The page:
The W. M. Keck Foundation on Monday will announce a gift of $150 million to boost scientific research at USC's medical school and at two affiliated hospitals, adding to the university's recent success in attracting supersized donations.
The gift is the single largest in the 57-year history of the Keck Foundation, which has backed many scientific projects, including the famous Keck Observatory and telescopes in Hawaii. For USC, the money marks the third mega-gift since March, for a total of $460 million, as new President C. L. Max Nikias seeks to build the Los Angeles university's endowment.
The Keck money will be paid out over 20 years with the goal of raising the academic reputation of USC's medical school now that the university has full authority over USC University Hospital, a 411-bed general care facility, and the 60-bed USC Norris Cancer Hospital, said James Ukropina, a Los Angeles attorney who is a vice president of the Keck Foundation.
In 2009, USC bought the two Eastside hospitals from Tenet Healthcare Corp. for $275 million, ending a long dispute over control and improvements. USC had supplied faculty to the Tenet hospitals and trained students there but had not been able to implement all the programs that professors wanted.
"It's very difficult to have a leading research university today without a great medical school," Ukropina said. And strengthening the school and hospitals, he added, "will have immense benefits to the Los Angeles community."
U.S. News & World Report recently ranked USC 36th in the nation among medical research schools, tied with the Oregon Health & Science University. Harvard was No. 1 and three UC medical schools ranked high: UC San Francisco, No. 5; UCLA, No. 13 and UC San Diego, No. 15.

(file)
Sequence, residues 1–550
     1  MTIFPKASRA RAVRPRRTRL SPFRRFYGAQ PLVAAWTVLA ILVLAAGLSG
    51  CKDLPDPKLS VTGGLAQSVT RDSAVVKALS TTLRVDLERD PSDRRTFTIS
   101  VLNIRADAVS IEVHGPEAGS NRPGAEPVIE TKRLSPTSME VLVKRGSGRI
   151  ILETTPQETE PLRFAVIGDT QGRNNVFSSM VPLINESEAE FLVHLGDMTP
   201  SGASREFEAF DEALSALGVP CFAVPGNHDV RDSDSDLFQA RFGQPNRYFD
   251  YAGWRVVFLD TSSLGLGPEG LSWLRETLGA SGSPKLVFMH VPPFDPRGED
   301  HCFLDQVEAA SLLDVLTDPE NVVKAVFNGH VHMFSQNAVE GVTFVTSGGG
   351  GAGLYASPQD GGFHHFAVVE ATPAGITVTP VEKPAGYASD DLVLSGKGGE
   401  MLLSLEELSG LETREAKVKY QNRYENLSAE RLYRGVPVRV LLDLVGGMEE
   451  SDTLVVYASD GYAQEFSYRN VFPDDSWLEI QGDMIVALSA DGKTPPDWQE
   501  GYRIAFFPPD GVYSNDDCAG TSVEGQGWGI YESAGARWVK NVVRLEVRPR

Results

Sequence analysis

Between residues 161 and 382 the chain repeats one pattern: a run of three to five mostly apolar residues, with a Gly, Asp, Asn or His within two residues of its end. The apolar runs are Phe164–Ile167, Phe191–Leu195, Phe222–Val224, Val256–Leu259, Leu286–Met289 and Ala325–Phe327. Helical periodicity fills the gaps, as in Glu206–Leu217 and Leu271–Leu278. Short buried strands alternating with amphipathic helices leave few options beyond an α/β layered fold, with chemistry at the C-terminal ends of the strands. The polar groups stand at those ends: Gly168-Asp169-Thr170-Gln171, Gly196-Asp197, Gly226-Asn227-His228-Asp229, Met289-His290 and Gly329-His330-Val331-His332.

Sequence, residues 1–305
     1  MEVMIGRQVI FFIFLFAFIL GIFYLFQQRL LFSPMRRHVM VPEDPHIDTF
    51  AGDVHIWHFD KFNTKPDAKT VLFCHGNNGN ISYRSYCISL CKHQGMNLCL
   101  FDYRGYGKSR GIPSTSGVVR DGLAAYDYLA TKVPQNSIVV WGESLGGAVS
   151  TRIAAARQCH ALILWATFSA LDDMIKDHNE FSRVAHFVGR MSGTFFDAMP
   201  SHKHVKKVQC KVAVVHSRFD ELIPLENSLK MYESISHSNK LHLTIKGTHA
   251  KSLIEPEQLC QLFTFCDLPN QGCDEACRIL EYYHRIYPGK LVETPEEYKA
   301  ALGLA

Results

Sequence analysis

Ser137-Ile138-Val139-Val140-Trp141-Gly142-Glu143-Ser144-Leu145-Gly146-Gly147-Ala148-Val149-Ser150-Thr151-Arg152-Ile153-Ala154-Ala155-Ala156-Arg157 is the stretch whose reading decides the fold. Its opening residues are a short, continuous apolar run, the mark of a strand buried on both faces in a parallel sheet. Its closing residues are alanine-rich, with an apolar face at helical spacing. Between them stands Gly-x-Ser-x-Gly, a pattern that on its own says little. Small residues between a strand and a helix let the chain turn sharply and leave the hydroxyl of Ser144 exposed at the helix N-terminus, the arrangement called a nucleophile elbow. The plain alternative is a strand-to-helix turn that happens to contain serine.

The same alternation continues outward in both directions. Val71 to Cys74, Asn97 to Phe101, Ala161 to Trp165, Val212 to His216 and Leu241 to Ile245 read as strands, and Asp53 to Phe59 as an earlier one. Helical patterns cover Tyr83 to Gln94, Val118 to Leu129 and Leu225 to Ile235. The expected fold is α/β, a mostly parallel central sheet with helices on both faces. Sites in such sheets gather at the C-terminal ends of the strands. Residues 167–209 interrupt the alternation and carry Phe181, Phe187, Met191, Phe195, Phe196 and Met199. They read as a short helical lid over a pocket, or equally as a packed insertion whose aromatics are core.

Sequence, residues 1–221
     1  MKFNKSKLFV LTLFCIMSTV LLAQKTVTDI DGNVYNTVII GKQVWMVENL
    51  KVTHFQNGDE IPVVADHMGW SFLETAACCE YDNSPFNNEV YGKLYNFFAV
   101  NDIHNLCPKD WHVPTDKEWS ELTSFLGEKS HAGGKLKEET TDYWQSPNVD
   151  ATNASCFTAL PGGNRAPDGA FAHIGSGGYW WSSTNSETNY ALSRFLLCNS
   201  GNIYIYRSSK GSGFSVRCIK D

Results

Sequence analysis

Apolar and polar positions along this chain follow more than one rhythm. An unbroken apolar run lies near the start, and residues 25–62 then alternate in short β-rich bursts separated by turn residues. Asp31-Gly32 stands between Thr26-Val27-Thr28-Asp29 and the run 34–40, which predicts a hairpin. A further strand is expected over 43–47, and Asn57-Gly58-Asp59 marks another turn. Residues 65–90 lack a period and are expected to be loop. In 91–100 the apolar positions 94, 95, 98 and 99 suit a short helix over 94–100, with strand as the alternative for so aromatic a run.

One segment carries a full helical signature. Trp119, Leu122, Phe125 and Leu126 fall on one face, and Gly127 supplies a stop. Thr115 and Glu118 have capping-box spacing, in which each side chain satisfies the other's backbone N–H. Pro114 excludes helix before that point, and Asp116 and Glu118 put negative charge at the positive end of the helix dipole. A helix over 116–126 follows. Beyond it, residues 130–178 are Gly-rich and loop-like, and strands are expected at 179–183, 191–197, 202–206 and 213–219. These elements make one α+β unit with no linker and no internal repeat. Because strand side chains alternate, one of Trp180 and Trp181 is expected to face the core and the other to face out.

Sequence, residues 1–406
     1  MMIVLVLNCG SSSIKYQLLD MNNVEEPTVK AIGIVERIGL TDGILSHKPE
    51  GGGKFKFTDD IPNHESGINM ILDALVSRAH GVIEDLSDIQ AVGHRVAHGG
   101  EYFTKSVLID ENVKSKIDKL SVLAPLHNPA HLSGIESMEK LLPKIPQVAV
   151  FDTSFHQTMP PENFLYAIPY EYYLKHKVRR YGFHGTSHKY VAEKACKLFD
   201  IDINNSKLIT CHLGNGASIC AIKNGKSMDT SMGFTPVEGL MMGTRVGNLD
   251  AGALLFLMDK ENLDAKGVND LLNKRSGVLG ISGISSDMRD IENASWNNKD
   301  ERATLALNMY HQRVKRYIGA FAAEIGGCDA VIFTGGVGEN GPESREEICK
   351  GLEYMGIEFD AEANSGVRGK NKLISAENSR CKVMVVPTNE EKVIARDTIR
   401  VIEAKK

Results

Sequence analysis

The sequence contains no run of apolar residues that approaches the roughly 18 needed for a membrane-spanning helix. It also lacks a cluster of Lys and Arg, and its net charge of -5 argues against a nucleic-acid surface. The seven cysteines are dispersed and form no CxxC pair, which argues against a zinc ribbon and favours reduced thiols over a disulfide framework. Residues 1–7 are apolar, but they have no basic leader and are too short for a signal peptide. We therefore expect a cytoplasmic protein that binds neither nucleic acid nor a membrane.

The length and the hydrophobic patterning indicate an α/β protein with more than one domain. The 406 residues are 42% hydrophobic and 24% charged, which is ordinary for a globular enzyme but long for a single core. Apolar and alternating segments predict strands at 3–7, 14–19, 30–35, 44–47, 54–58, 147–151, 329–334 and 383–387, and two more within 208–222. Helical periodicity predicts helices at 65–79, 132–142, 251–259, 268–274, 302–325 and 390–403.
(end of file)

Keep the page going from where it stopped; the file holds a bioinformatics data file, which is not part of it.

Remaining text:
USC wants to boosts its rankings in that category, as it has done in recent years with the reputation of its undergraduate programs.
The Keck gift is not earmarked to a specific area of medical research, but is being left open for USC to recruit top faculty in fields the school deems most promising, officials said. Those areas include stem cells, cancer, liver disease and preventative healthcare, according to Dr. Edward Crandall, chairman of the school's Department of Medicine. "We will vigorously target outstanding young and mid-career scientists to come to USC with the help of this money," he said.
In 1999, the USC medical school received a $110-milllion donation from the Los Angeles-based foundation and was renamed after Keck. With the latest donation, the entire medical center, which is about 7 miles northeast of the main university campus, will bear the Keck name, as will the general hospital; the cancer center will still be named after donor Kenneth Norris Jr.
USC physicians also provide services on a contract basis to Los Angeles County-USC Medical Center, a 600-bed public facility.
The founder of Superior Oil Co., William Myron Keck used his wealth to establish the foundation, which now has assets of more than $1.2 billion. His grandson Robert Day, its current chairman, said in a prepared statement that he expects the research funded by the USC donation will "expand the boundaries of medical knowledge and improve quality of life for vast numbers of people."
Including the three nine-figure gifts since March and numerous smaller gifts, Nikias said he expects fundraising to total about $1 billion when his first year in office is completed by the end of the summer. In March, USC received its largest donation to date, a $200-million gift to the College of Letters, Arts & Sciences from alumnus David Dornsife, a steel industry businessman, and his wife Dana. In April, engineering school alumnus and oil businessman John Mork and his wife, Julie, gave $110 million for undergraduate financial aid.
The single largest gift to a U.S. college or university was the $600-million pledge to Caltech in 2001 from Intel Corp. co-founder Gordon Moore, his wife, Betty, and their foundation, according to the Chronicle of Higher Education.
Times staff writer Emal Haidary contributed to this report.